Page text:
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18 Nov, 2014 16:59

Missouri governor unable to explain who’s in charge in Ferguson (AUDIO)

Missouri governor unable to explain who’s in charge in Ferguson (AUDIO)

​The governor of Missouri activated the National Guard on Monday ahead of what could be a new wave of mass protests, but doesn’t seem certain at all about who will be in charge of law enforcement operations in the coming days.

Gov. Jay Nixon’s decision to call up the Guard and declare a state of emergency raised questioned on Monday about what authorities are anticipating will happen when a federal grand jury will decide — likely within days — whether or not to indict Ferguson, MO police officer Darren Wilson on charges related to the August shooting death of Michael Brown, an unarmed black teen.

Nixon was largely unable to provide answers during a telephone press conference that occurred with reporters later that day, though. Audio of that teleconference captured by Guardian journalist Jon Swaine is now causing concerns to mount further as reporters realize that the governor might have less of a grasp on the situation in Ferguson than many would like to believe.

The audio, published on the internet by Swaine late Monday, shows Nixon struggling to answer a question posed by Huffington Post’s Matt Sledge: “Does the buck ultimately stop with you when it comes to how any protests are policed?”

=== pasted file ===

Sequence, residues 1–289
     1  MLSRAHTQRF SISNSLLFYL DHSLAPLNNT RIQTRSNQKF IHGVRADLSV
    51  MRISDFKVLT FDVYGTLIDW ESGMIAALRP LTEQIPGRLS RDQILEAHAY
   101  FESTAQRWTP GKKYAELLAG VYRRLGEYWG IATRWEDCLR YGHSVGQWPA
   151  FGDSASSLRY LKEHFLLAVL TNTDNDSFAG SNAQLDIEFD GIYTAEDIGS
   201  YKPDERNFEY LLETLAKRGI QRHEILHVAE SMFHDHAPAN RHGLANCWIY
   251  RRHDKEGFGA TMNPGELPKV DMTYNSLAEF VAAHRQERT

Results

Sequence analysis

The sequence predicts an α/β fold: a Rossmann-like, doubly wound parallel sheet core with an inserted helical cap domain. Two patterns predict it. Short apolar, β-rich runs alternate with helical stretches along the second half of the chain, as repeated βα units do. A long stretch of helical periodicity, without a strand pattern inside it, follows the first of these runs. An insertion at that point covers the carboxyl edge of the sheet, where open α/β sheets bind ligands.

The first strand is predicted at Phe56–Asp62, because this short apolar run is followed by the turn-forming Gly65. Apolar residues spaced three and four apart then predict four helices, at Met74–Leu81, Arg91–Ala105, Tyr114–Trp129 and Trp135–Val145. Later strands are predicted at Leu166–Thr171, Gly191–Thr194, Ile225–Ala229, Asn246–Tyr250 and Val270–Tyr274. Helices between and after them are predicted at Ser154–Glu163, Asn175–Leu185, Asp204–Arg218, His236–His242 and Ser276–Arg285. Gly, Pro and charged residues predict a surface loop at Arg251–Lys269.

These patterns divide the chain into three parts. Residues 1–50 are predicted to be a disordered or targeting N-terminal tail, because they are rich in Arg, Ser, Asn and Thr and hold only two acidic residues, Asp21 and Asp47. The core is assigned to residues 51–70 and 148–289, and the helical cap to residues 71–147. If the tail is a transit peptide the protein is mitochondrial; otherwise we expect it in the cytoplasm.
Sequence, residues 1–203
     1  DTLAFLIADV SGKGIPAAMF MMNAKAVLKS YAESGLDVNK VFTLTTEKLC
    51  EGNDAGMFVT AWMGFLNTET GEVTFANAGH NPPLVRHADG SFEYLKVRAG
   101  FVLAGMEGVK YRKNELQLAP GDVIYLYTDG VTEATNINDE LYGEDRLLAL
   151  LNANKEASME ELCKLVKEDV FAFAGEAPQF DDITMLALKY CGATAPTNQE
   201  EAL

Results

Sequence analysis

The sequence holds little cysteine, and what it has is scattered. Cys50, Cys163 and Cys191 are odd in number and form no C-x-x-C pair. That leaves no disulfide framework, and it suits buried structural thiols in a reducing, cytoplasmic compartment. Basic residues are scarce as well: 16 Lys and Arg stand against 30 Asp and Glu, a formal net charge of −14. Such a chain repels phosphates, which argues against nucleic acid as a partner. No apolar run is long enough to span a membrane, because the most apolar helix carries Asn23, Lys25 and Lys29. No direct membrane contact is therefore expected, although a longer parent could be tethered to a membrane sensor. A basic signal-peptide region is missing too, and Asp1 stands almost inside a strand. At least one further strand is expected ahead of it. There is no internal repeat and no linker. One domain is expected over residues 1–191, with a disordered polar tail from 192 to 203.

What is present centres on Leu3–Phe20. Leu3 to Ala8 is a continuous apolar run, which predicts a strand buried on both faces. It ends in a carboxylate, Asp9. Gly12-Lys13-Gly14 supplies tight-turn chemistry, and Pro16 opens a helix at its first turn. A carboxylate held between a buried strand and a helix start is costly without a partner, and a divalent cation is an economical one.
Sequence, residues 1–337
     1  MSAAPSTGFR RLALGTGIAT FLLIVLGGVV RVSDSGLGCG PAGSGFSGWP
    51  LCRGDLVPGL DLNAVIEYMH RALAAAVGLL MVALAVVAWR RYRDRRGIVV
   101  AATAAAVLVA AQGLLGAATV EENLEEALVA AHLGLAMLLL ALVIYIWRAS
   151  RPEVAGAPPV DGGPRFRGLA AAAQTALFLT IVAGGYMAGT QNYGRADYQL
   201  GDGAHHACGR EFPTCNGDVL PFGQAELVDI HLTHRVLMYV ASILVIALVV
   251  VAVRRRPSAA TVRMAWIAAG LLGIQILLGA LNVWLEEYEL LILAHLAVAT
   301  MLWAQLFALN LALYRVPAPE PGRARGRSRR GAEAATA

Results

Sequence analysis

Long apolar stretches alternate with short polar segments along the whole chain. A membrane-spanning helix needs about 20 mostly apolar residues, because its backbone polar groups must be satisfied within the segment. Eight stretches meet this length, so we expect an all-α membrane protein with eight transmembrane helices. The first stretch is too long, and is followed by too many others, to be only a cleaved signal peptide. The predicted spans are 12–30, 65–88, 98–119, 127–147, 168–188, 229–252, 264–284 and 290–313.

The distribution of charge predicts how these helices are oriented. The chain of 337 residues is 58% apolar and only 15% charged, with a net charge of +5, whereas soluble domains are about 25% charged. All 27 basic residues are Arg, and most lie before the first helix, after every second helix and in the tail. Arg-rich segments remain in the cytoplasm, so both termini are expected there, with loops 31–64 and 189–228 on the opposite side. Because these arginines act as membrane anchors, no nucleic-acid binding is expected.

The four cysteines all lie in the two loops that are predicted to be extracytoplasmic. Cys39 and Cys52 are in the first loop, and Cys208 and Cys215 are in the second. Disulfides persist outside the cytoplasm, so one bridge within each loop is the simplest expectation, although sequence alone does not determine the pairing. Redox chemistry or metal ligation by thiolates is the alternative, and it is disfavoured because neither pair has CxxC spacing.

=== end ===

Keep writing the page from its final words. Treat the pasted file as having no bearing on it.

“Um, we’re, um, I, you know, it, uh, our goal here is to, you know, keep the peace, and allow all voices to, uh, to be heard,” Nixon replies with a rambling, 14-second-long attempt at a response.

“I don’t spend a tremendous amount of time personalizing this,” Nixon says later, adding, “I’d prefer not to be a commentator on it.”

Nearly two minutes after Sledge first asked Nixon to explain who will be in charge of maintaining the peace at any potential protests, he rephrased his question and attempted again to get an answer.

“Is there any one official or agency ultimately in charge here in terms of response?” Sledge wondered.

Again, Nixon is heard on tape meandering between words while failing to actually explain who will ultimately be tasked with responding to any civil unrest in Ferguson or elsewhere in the coming days — be it the National Guard, local police forces, county sheriffs or whomever — this time trailing off at moments for seconds at a time as he struggles to provide an explanation.

“Well, I mean, it uh, clearly [silence] I feel good about the… we worked hard to establish unified command, to outline our responsibilities now with the additional assets provided by my order today of the Missouri National Guard we have worked through, uh, a number of, uh, operational issues the folks have and, uh, I’ll only say, uh, our efforts today are on top of a lot of last hundred days to make sure we’re prepared for any contingency.”

Nixon’s reply without a doubt was ripe with uncertainty, which rightfully causes concern ahead of what may be mass protests of a caliber previously unseen in Missouri. Demonstrations waged for days in Ferguson for days, then weeks, after Brown was shot and killed by Wilson more than three months ago. Now as the city braces itself to hear whether or not Wilson will be charged with that shooting death, officials are expecting the worst, to say the least: not only has Nixon asked the National Guard for assistance during the coming days, but a warning to law enforcement agencies across the country from the FBI on Monday revealed that the bureau believes the grand jury’s impending decision “will likely” lead to attacks against the police.